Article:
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Children, Adolescents and Adults

Checkups, Screenings and Immunizations

The Health of your Children

Your child's health includes his or her physical, mental, and social well-being. Most parents are aware of the basics of keeping their children healthy, like providing nutritious foods, making sure they get enough sleep and exercise, and insuring their safety.  It's also important for children and adolescents to have regular checkups with their primary doctor. These visits are a great way to check in with your child's growth and development. They are also a great time to prevent or detect any health concerns. Learn about the recommended immunizations for your child and the programs available in the community.

The Importance of Checkups

Childhood is a time of rapid growth and development. Children have more well-child visits with their doctor when they are younger, as development is faster during this time.  It’s equally important for adolescents to see their provider each year.  Well-child visits give the teen and their provider a chance to discuss nutrition, exercise, and safety related issues facing adolescents today.  If your child is transitioning from pediatric to adult care, talk to your pediatrician.  He or she is a great source of information and can recommend the appropriate doctor or specialist for your child.  Click here to use the Find a Doctor tool to locate in-network providers near you.

The Importance of Vaccinations - For Children & Young Adults

Immunizations (shots) protect your child from many serious diseases. They should be given at the recommended age — even if your child has a cold or minor illness at the time. Ask your doctor when your child should receive these important shots. Also, inquire about additional immunizations for your child or teen. Click on the links below to access recommended immunization schedules for children, adolescents, and young adults. 

Lead Safety

A major cause of lead poisoning in children is from lead based paint, found in virtually all houses built before 1978 when lead was banned.  The Centers for Disease Control and Prevention (CDC) says children living in 4 million U.S. households are being exposed to high levels of lead. 

Lead poisoning occurs when lead builds up in the body, often over a period of months or years. Research indicates about 500,000 U.S. children between the ages of 1 and 5 have blood lead levels above 5 micrograms per deciliter, the reference level at which the CDC recommends public health actions be initiated. Lead poisoning is especially dangerous for children under the age of six. Lead poisoning can cause permanent neurological damage including loss of I.Q., developmental delays, learning disabilities, memory loss, hearing loss, attention deficits, hyperactivity, and behavioral disorders. In extreme cases, lead exposure can result in organ failure and death. 

Recent studies also show that even small amounts of lead can cause health problems in adults. Exposure for adults might come from exposure at work, home renovations, and even from hobbies such making jewelry or stained glass work or glassblowing with leaded glass.  Lead can cause a variety of issues in adults to include high blood pressure, fatigue, headaches, memory loss, join/muscle pain and kidney damage, to name a few.  Exposure to lead during pregnancy can increase the risk of miscarriage and can affect the unborn baby.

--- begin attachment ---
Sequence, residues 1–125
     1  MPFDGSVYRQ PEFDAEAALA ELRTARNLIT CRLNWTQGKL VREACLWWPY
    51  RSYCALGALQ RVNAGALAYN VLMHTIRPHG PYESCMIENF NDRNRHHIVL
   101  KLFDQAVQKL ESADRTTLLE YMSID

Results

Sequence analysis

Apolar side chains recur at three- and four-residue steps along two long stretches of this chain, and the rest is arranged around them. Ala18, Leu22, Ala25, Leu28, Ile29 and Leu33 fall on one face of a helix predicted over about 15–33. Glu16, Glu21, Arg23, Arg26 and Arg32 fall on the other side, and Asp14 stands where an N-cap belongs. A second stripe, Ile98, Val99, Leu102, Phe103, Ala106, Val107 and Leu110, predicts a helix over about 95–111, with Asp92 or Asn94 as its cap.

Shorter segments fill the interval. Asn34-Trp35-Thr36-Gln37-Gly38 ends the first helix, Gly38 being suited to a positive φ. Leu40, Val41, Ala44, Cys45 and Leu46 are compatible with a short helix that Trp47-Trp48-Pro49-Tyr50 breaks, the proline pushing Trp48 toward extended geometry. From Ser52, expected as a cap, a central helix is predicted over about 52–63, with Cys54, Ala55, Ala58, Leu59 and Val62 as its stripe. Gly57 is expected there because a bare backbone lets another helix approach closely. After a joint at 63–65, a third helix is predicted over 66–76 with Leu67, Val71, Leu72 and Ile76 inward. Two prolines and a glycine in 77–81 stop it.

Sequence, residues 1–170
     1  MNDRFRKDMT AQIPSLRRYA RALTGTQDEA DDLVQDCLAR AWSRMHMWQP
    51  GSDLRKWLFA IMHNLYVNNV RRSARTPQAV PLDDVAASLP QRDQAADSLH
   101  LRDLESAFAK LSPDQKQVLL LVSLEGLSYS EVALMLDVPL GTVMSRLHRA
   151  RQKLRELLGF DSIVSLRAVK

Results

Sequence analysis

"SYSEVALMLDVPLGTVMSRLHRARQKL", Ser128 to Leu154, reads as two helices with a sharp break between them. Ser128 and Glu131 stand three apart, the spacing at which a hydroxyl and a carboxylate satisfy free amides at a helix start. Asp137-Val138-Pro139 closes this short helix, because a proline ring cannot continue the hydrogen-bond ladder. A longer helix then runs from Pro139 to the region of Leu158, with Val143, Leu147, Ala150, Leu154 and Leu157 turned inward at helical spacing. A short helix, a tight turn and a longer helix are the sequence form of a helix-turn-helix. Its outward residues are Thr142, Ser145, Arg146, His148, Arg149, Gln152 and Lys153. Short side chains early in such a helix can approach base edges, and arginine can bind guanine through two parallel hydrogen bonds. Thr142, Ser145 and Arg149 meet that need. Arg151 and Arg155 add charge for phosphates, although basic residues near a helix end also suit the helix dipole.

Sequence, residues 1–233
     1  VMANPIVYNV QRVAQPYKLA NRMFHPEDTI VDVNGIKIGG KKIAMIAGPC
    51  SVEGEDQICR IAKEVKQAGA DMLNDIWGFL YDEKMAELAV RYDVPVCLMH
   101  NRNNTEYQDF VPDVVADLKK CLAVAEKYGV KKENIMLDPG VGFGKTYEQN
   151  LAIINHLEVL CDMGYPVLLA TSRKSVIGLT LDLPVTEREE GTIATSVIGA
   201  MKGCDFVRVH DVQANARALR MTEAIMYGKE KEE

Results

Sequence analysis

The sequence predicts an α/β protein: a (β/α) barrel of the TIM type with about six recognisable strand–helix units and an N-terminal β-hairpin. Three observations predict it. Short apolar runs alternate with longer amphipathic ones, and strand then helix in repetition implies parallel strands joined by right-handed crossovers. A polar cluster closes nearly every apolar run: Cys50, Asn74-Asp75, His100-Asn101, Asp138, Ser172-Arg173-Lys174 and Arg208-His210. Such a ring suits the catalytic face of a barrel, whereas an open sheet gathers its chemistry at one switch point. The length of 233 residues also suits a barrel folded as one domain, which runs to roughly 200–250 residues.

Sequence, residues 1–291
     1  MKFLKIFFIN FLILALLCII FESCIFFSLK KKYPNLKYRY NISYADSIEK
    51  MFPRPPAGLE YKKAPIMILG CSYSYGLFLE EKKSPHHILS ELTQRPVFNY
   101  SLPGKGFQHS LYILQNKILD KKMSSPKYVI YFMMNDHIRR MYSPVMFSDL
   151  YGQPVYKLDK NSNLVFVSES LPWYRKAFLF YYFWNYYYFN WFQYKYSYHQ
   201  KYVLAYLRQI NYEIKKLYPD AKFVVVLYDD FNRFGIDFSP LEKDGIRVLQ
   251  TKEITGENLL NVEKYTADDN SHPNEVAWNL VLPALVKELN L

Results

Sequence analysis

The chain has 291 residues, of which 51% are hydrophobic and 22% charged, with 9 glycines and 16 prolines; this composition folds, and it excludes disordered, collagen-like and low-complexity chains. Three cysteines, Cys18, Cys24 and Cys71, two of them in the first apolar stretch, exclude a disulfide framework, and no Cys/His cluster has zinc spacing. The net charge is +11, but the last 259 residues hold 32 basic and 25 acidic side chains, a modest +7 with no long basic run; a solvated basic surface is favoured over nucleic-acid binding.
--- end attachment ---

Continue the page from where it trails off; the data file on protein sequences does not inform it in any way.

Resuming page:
The good news is lead poisoning is preventable. To see if you or your children are at risk, complete a Lead Risk Assessment. If you answer yes to any of the questions, take the form to your or your child’s physician to see if lead testing is needed. In addition, because of the increased risk to children, New York State requires health care providers to test all children for lead with a blood lead test at age 1 year and again at age 2 years.

You can further protect your family from lead poisoning by following the below recommendations. For more information on resources available, visit the NYS DOH lead safety website.

  • Limit your exposure at work by washing hands and face before eating or drinking, wearing all appropriate safety gear and following all lead safe work practices.
  • Check for lead in your home before completing any renovations and follow remediation recommendations.
  • Limit exposure in your home by washing hands before preparing meals and washing your and your children’s hands before eating and drinking.
  • Remove shoes before entering your home so you don’t track in outside lead dust or soil from your home’s exterior or from work being done on nearby homes or buildings.
  • Lead dust tends to collect on window sills, so periodically wipe down sills with a wet cloth.
  • Also, spend 5 minutes each day wiping down toys, pacifiers and household objects that might have lead dust on them

Additional Resources 


Al-Anon Family Groups Meeting Information Line


Child Welfare Information Gateway


American Cleft Palate–Craniofacial Association



First Candle SIDS Alliance Grief Support Line


Girls health





Make it Fit: Saratoga, Schenectady and Albany
Kids Camp Challenge
(518) 366-1901


National Center for Missing & Exploited Children®


National Dissemination Center for Children with Disabilities


Recommended Immunizations

Infants and Children (Birth to 6 years old)

Preteen and Teen (7-18 years old)

Children & Adolescent Preventive Health

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Did You Know?

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